Photon Epoch -

10 seconds to 70,000 Years

After all these annihilation processes, a huge number of photons remain; approximately one billion photons for every nucleon.  The temperature is still high enough to allow photons, which are neutral particles, to interact with the charged particles, but is still too high to allow the formation of atomic nuclei.  Several minutes later, however, it has dropped to the point where protons, which are essentially hydrogen nuclei, are able to combine with neutrons. 

The nucleosynthesis epoch lasted from about 3 minutes to about 20 minutes after after the birth.  It produced a small range of atomic nuclei other than those of Hydrogen, or more specifically H-1 the normal isotope of hydrogen, comprising a single proton.  Essentially, these were: deuterium (a heavier hydrogen isotope with 1 proton and 1 neutron), the helium isotopes He-3 (2 protons, 1 neutron) and He-4 (2 protons , 2 neutrons), and the lithium isotopes Li-6 (3 protons, 3 neutrons) and Li-7 (3 protons, 4 neutrons).  A few unstable, or radioactive, isotopes were also produced including tritium (H-3 with 1 proton, 2 neutrons); beryllium-7 (Be-7 with 4 protons, 3 neutrons), and beryllium-8 (Be-8 with 4 proton, 4 neutrons). These unstable isotopes either decayed or fused with other nuclei to make one of the stable isotopes.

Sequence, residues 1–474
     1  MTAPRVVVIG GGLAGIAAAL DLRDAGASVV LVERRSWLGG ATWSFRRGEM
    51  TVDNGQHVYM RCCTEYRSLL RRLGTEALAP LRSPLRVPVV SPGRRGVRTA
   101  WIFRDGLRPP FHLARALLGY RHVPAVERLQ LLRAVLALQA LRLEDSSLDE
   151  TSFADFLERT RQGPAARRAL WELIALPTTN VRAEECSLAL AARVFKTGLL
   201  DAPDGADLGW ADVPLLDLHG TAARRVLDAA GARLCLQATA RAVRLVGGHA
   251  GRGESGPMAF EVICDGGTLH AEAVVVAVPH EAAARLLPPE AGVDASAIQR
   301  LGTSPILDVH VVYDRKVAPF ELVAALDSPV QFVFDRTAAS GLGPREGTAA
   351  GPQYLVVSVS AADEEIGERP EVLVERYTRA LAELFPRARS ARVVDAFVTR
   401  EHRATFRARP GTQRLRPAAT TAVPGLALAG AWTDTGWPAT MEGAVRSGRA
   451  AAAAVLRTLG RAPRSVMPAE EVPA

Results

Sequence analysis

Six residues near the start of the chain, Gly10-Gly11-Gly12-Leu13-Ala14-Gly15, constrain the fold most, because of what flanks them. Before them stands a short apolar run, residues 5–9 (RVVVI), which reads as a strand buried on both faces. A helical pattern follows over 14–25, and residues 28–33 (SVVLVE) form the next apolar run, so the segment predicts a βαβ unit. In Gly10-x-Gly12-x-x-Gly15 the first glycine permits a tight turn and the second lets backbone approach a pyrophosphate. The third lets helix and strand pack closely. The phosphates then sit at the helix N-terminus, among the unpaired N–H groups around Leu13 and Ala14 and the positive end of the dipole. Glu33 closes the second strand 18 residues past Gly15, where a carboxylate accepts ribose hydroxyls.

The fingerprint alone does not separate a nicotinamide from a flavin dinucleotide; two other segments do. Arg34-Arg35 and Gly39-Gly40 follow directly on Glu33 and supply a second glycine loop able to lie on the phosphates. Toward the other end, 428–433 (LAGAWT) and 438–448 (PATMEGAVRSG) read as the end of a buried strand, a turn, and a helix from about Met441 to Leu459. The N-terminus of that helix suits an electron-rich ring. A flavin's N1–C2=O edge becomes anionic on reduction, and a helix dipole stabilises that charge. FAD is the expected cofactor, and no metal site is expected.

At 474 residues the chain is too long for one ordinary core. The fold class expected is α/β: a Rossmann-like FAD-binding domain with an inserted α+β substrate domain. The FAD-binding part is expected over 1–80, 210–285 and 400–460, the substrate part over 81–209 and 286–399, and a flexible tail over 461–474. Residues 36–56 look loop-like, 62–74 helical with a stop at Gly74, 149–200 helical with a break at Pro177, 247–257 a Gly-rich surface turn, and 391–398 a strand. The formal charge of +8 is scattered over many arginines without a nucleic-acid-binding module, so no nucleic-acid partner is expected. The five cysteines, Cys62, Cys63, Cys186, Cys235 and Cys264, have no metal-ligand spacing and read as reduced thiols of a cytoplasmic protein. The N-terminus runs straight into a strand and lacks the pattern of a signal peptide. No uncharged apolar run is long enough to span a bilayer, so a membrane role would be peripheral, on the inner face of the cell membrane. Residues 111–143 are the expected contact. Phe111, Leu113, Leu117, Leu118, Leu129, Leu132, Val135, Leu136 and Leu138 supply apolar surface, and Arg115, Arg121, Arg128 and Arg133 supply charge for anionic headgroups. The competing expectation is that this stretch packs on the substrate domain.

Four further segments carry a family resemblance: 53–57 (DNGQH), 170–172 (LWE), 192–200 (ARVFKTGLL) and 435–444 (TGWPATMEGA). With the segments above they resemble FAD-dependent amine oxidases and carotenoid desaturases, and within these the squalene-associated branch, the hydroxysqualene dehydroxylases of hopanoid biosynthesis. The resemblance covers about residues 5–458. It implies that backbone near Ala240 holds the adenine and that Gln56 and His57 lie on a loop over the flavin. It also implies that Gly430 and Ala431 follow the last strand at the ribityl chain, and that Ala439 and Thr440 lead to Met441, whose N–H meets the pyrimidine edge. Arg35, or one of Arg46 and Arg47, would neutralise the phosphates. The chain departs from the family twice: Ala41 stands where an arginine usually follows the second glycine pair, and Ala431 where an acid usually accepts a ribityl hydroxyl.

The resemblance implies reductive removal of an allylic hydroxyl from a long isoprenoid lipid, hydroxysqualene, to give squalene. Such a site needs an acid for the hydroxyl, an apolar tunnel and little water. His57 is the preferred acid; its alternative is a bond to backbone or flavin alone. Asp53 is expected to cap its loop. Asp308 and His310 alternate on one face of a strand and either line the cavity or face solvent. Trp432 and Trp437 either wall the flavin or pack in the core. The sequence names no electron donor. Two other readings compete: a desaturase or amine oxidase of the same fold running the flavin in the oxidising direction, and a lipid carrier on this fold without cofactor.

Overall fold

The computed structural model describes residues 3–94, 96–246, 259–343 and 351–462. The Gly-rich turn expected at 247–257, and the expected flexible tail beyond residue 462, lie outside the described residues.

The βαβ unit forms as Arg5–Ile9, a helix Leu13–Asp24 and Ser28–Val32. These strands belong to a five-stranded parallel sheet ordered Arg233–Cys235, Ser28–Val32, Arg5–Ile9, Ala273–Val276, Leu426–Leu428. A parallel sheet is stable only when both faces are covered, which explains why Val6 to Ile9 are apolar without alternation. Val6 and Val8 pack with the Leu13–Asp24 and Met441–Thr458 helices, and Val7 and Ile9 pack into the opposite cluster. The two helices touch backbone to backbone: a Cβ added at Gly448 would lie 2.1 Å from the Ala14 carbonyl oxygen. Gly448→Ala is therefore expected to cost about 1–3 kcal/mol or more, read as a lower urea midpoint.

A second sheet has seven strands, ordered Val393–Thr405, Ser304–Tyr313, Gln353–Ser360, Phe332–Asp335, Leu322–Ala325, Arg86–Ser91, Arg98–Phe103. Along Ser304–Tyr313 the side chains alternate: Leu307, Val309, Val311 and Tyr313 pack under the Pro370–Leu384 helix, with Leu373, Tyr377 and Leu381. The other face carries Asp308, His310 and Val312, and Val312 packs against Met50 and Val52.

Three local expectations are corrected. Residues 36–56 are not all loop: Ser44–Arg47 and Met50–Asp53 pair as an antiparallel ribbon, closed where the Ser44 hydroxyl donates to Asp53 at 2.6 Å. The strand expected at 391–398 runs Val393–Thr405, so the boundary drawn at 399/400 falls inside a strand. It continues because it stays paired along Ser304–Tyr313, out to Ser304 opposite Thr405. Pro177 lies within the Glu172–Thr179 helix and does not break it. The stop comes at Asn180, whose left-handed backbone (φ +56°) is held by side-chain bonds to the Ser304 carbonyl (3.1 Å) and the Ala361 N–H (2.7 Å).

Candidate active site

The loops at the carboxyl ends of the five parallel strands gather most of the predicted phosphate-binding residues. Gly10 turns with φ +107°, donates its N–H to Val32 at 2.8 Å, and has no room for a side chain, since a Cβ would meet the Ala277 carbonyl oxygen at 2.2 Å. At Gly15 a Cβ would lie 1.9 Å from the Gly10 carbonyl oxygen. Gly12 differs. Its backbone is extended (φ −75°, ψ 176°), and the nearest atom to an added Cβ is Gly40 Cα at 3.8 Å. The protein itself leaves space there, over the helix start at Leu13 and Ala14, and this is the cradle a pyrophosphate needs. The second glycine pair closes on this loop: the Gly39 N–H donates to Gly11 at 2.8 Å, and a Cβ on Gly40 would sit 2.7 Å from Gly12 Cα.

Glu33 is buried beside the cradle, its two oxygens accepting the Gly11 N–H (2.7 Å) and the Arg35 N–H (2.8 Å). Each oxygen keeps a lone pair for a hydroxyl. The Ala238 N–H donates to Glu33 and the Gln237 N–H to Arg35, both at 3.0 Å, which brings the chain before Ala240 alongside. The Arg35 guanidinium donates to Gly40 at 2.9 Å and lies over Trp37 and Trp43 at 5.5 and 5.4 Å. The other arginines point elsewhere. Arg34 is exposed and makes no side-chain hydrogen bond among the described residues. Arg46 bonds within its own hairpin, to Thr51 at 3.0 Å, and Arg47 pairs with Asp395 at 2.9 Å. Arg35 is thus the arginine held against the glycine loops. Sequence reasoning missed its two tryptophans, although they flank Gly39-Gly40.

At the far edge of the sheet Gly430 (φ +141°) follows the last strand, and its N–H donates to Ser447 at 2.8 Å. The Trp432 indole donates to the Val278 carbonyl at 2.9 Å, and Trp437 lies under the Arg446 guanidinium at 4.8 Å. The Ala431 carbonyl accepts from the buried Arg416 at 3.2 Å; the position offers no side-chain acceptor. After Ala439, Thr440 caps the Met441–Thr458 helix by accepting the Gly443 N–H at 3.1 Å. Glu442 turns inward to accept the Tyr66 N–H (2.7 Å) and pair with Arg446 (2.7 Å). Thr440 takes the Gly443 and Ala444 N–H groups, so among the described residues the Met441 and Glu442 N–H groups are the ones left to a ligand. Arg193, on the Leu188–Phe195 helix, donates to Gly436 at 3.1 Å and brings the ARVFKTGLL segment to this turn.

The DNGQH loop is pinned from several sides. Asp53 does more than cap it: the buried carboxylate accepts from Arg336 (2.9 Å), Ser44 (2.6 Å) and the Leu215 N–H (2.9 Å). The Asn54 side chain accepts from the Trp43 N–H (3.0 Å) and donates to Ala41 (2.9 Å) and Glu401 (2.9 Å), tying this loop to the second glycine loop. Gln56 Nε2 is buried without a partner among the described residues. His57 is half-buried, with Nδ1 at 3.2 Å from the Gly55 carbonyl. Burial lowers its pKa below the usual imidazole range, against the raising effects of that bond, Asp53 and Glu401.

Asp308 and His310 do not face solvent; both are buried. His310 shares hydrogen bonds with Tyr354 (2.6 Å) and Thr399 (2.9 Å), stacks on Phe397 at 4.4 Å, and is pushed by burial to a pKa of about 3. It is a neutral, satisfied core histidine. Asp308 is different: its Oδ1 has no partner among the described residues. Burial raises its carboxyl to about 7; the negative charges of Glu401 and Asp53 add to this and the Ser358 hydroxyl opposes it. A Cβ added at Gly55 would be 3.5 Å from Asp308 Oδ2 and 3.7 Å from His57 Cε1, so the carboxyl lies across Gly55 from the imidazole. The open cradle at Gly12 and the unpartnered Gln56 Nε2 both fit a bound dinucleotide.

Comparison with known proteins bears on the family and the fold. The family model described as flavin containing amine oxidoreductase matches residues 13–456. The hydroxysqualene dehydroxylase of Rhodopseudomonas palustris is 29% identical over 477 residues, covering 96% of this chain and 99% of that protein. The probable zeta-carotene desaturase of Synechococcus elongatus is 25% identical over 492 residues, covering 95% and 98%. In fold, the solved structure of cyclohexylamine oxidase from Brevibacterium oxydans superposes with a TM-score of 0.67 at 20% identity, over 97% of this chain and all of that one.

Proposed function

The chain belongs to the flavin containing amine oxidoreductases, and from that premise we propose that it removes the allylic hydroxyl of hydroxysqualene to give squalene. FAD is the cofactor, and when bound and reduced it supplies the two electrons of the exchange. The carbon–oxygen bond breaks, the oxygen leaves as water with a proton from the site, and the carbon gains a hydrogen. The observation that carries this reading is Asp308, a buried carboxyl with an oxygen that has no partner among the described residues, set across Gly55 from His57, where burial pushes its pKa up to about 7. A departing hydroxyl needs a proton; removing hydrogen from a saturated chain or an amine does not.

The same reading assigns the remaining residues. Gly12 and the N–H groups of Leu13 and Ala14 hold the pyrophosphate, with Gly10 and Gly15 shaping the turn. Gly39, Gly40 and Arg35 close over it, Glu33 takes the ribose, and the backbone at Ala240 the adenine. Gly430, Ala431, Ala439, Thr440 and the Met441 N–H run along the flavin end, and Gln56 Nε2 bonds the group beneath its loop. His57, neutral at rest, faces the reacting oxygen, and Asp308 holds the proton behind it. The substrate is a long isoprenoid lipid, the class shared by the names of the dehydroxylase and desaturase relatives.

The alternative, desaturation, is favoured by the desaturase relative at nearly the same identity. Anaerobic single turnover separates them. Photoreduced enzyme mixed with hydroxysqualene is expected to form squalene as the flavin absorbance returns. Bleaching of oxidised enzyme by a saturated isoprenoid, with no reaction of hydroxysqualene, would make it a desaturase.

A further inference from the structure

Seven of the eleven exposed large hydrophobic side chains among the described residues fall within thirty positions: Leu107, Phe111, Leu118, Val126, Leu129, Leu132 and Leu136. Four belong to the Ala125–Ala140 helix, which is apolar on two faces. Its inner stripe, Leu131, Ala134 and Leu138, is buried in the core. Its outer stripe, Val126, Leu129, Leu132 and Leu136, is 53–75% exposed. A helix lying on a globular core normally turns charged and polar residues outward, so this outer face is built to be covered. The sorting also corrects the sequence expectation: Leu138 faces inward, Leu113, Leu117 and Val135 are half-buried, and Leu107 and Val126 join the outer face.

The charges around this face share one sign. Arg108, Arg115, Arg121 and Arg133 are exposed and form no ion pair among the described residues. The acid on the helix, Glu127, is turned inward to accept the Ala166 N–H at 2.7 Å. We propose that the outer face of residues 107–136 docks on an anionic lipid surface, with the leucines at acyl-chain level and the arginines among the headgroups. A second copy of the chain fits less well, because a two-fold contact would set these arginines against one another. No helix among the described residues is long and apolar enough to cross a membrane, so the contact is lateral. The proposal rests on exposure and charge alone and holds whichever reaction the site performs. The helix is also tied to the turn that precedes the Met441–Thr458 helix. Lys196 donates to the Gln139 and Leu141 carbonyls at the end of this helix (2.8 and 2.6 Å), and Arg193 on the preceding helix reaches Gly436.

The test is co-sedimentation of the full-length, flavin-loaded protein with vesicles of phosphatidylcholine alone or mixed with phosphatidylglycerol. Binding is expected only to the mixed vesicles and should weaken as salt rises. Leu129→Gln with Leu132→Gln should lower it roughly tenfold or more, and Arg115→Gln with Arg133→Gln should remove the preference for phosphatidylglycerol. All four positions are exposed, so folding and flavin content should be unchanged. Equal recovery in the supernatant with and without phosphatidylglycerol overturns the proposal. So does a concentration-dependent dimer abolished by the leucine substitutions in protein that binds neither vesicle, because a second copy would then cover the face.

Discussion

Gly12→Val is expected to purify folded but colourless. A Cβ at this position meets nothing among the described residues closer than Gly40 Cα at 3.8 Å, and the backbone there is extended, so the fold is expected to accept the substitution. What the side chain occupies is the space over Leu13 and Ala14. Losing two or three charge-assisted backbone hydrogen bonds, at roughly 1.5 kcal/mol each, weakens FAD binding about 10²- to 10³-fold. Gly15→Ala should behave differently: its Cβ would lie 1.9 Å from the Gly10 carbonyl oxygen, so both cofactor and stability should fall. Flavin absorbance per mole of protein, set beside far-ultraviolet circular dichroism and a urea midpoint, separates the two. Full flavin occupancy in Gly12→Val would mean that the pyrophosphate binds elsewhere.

Theoretical considerations result in expected vales for the amounts of the different elements, by mass, to be about 76% of Hydrogen-1, about 24% helium-4, about 0.01% of deuterium, and trace amounts of lithium and beryllium.  This is exactly what has been seen in the Universe today providing strong evidence for the Big Bang theory.  Note that the Big Bang did not create any heavier elements; the evolution of stars and SupernovŠ explosions have produced them and spread them through the Universe, but that is another story I discuss in the section on Stars.

Over time, photons and matter became less densely packed as the universe expanded.  Most of the energy density of the universe was in the form of photons.  As the Universe expanded, the density of photons and matter reduced.  The stretching of space in the expansion increases the wavelength of the photons, reducing their energy.  This does not happen to particles of matter.  So, while both matter and photons (energy) were becoming less densely packed, the photons were also loosing energy.  The energy density of the Universe was becoming biased towards the matter content rather than the photon content.  By somewhere around 70,000 years, the energy density of the Universe was dominated by matter,

Astronomy & Cosmology -

The Early Universe

(or "What Banged in the Big Bang?")